Like many publications, Florida Self-Advocacy Central talks about crucial issues in the disability community --everything from how persons with disabilities are portrayed in the media to advice for landing a job. What’s discussed less often by many publications is that persons with disabilities want to have fun just like everyone else -- whether it be enjoying local parks, the bar scene, or traveling.
I caught the travel bug early and, due to a series of fortunate circumstances, have been able to travel quite extensively. I’ve ventured to London, Poland, and Germany, but my favorite mode of travel is cruising. To date, I’ve been on four cruises and realize that I’m very fortunate in this respect. I’m writing today to discuss some important issues and obstacles one may encounter if they decide to explore the world on a cruise.
My most recent cruise was in early March. My family and I went to the Caribbean: specifically, Jamaica, Haiti, and Cozumel. As this is a story about disability issues, I won’t elaborate on the antics I got into on the trip, except to say, that in my case, I proved again that my disability does not stop me from having crazy amounts of fun. That being said, preparation for accessibility should begin well before you board the ship.
As this was not my first go around I thought I knew what to expect. I require a large amount of assistance via equipment and personal care when cruising. I brought along a long-time friend and personal care attendant but could not travel with all my necessary equipment, in this instance a shower chair. I made the cruise ship staff aware that I would need one several months in advance. As I’m sure most know, just because you make someone aware of certain accommodations doesn’t mean they’ll follow through with your requests.
When I arrived in the cabin -- no shower chair. After making my state room attendant aware of the issue, a shower chair was delivered. It did not completely fix the problem, however, because it wouldn't fit over the toilet. Luckily for me, my PCA was able to lift me where I needed to go. I’m not saying to prospective travelers that you should let this issue prevent you from cruising, just be aware that some accommodations will not be the same as at home.
The narrow hallways was another great concern while on board. There's not much one can do to change this as all stateroom hallways are narrow no matter what ship you’re on. A way to navigate around this issue is to bring/rent a smaller power or manual chair. Your regular power chair can still be used on shore and in most other areas of the ship.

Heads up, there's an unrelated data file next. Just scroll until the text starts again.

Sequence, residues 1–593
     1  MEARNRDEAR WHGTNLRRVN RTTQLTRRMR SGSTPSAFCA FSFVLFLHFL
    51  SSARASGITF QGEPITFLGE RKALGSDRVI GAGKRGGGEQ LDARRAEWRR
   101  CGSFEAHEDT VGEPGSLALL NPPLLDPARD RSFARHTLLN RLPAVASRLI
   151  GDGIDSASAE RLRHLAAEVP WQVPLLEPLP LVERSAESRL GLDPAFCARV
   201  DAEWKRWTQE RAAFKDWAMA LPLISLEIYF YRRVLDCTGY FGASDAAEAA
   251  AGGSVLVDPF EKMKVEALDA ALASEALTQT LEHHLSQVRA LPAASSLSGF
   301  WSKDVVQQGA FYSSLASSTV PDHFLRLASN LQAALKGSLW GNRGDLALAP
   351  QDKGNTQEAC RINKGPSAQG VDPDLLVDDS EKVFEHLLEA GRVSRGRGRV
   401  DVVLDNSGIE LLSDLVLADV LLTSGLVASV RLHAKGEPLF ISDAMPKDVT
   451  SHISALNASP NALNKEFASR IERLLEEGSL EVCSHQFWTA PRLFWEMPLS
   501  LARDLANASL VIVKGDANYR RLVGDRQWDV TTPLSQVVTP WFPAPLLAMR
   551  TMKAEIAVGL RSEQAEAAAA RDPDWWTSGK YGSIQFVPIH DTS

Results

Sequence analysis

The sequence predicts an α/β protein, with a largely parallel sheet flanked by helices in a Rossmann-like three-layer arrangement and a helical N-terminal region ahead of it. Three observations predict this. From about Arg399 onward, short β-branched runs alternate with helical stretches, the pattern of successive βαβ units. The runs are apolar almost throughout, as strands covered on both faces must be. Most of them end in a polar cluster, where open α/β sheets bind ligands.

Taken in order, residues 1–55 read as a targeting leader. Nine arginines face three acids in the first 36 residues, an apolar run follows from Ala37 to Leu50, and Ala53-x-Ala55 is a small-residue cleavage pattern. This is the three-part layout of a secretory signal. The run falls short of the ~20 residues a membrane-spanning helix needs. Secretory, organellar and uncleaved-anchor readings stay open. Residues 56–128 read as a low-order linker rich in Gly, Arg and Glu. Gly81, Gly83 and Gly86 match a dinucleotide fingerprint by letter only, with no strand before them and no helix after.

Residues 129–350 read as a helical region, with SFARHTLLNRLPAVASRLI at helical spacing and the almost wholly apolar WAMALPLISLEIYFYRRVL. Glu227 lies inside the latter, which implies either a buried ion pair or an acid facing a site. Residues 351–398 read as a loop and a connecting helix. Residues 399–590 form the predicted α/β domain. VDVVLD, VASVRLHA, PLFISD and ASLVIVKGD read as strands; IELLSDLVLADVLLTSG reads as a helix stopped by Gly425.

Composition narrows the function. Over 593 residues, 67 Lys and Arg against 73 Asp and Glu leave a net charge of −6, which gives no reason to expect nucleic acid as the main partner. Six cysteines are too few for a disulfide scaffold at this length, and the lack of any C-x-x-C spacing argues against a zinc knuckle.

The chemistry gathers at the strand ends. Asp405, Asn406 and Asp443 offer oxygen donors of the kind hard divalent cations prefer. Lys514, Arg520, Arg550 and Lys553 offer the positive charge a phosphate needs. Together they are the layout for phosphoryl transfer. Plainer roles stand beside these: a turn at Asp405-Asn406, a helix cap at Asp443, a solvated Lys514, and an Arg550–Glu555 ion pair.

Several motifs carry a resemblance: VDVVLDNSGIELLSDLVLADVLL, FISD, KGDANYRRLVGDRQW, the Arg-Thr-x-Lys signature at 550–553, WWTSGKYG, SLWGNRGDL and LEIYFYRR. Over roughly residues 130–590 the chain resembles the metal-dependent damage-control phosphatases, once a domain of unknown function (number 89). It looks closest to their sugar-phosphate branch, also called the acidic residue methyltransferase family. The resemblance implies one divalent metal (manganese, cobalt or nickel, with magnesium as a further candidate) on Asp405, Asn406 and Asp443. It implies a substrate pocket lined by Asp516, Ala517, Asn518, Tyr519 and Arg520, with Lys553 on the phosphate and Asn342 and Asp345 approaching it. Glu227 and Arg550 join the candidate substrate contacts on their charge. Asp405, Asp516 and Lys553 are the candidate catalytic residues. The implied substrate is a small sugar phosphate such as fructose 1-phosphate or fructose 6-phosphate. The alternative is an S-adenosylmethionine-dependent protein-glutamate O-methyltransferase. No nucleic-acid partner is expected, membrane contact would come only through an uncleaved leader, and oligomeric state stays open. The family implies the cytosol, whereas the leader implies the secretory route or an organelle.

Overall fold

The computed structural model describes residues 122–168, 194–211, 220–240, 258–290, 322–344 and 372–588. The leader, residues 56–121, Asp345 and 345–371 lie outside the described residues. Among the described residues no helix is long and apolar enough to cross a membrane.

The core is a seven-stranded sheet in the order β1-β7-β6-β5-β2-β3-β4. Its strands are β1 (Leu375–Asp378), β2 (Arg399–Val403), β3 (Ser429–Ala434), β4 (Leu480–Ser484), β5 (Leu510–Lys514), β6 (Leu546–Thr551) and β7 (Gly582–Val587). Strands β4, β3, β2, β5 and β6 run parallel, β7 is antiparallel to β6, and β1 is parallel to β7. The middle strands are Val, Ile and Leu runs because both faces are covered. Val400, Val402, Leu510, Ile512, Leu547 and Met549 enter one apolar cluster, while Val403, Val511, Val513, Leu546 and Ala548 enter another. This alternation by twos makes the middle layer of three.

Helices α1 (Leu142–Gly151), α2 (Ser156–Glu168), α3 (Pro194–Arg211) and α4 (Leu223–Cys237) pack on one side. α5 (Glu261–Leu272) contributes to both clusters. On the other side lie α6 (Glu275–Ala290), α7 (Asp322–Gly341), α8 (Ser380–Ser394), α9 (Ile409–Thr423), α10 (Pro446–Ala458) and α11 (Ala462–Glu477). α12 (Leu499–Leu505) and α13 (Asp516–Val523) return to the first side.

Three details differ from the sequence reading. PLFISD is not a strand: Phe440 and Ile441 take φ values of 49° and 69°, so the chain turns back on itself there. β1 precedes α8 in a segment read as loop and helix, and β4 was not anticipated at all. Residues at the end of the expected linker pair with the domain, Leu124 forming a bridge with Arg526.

Accessibility on board is not the only area of concern while cruising. Shore excursions are a large part of any cruise. If you’re a person with a disability or are traveling with one, be sure to consult the shore excursion team months ahead of time to ask about accessibility and book early. Once the excursion is booked, follow up is key. It’s my experience that the definition of “accessible” varies by destination so make clear to both the cruise line and the excursion organizers what your needs are because the chain of communication often gets interrupted.
One final note on excursions. If you’re uncomfortable with the accommodations do not be afraid to speak up. You’re in charge. No one else. If an excursion is not accessible, be flexible and willing to change plans but do not allow the organizers to short change your wallet or experience. The companies in cruise ports want you to come back so they’re willing to accommodate people in circumstances where necessary. Don’t be afraid to make waves! There are always alternatives.
So far this piece may seem negative when it comes to my experience with cruising. However, it is not all bad and the rewards outweigh the hassle. It’s my belief that life is what you make it. If you’re lucky enough to go on a cruise, or in my case, multiple cruises, don’t let the glitches documented here dissuade you. Your disability should not define you nor should it define what you are able to enjoy.